Perhaps most significant is a decision rendered by the Court of Appeals, the state's highest court, in which it was found that materials received by a corporation providing services pursuant to a contract for a branch of the State University that were kept on behalf of the University constituted "records" falling with the coverage of the Freedom of Information Law. I point out that the Court rejected "SUNY's contention that disclosure turns on whether the requested information is in the physical possession of the agency", for such a view "ignores the plain language of the FOIL definition of 'records' as information kept or held 'by, with or for an agency'" [see Encore College Bookstores, Inc. v. Auxiliary Services Corporation of the State University of New York at Farmingdale, 87 NY 2d 410. 417 (1995)].

Insofar as records maintained by Friends are "kept, held, filed, produced or reproduced...for an agency", such as the New York State Housing Trust Fund Corporation, i.e., for the purpose of providing administrative services that would otherwise be provided by that entity, I believe that they would constitute "agency records" that fall within the scope of the Freedom of Information Law. This is not to suggest that a relationship of that nature would transform Friends into an agency required to comply with the Freedom of Information Law, but rather that some of the records that it maintains are maintained for an agency, and that those records would fall within the coverage of that statute.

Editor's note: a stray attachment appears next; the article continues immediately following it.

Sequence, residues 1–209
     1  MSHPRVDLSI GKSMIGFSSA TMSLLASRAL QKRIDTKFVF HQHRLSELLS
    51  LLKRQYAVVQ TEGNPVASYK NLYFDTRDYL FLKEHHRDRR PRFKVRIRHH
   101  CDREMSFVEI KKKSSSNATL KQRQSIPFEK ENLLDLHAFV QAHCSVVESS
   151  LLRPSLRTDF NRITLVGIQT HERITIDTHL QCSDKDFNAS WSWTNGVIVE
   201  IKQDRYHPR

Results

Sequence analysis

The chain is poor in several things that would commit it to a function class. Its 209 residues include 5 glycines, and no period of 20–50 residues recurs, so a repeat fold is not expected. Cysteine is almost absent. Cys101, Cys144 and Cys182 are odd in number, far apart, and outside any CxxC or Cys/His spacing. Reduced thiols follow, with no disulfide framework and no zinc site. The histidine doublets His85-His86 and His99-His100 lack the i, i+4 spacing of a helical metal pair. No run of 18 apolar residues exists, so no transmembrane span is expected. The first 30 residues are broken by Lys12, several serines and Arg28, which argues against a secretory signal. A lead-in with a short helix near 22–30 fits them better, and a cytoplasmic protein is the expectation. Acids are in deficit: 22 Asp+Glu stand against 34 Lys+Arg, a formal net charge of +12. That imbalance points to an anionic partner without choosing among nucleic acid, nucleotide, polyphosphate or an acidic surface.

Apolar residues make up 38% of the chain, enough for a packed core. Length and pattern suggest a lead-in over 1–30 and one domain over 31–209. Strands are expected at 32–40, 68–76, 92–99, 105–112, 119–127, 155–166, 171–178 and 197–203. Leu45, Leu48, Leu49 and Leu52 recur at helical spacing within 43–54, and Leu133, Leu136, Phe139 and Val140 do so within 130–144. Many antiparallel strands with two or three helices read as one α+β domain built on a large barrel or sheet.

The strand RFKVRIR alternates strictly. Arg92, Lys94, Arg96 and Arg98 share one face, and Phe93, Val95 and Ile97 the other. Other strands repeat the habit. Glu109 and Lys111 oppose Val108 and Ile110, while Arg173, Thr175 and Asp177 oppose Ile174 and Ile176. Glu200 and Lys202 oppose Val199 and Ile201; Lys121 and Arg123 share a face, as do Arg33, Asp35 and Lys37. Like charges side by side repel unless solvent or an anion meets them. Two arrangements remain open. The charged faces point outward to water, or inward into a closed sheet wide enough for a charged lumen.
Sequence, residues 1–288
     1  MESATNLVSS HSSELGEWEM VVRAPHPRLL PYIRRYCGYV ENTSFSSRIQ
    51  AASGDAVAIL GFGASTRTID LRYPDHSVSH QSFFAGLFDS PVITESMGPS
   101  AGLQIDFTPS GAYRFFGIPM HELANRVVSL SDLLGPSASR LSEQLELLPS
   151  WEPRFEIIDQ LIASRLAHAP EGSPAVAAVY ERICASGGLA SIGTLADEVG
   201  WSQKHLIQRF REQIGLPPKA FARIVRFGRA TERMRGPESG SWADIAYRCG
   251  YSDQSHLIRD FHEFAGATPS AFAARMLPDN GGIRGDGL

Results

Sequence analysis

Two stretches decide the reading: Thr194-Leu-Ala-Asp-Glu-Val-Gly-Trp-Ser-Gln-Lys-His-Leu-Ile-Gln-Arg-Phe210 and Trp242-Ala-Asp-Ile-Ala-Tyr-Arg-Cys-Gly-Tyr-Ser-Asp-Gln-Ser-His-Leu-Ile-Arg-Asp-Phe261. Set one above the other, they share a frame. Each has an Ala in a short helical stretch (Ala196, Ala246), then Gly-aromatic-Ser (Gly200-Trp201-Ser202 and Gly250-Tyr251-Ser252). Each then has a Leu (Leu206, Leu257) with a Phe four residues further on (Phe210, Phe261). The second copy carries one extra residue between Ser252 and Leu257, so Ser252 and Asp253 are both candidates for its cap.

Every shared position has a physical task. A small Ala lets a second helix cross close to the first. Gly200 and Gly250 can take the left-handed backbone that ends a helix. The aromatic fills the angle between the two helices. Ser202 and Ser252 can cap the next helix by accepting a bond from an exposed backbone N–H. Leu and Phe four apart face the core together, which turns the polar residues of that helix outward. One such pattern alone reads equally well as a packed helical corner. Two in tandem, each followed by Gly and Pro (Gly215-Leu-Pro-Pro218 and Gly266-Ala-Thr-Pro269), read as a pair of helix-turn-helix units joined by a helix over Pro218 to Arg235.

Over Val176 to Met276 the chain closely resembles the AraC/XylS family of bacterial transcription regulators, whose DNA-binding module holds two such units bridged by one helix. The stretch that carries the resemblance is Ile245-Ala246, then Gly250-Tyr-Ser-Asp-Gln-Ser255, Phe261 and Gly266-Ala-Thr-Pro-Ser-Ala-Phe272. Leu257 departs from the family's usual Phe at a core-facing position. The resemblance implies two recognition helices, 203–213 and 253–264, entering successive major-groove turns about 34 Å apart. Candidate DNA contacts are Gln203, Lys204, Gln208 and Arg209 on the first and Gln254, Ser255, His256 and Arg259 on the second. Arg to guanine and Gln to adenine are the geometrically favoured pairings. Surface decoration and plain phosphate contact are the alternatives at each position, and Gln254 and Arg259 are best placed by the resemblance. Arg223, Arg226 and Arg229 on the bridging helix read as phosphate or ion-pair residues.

In other circumstances in which entities or persons outside of government maintain records for a government agency, it has been advised that requests for those records be made to the records access officer of that agency. Pursuant to regulations promulgated by the Committee on Open Government (21 NYCRR Part 1401), the records access officer has the duty of coordinating an agency's response to requests for records. In the context of the situation that you described, if Friends maintains records for the Housing Trust Fund Corporation, a request should be made to the Corporation's records access officer. To comply with the Freedom of Information Law and the implementing regulations, the records access officer would either direct Friends to disclose the Corporation's records in a manner consistent with law, or acquire the records from Friends in order that he or she could review the records for the purpose of determining rights of access.

To reiterate, the responsibility to give effect to or comply with the Freedom of Information Law would not involve Friends, but rather the government agency whose records are maintained by Friends on its behalf.

I hope that I have been of assistance.



Robert J. Freeman
Executive Director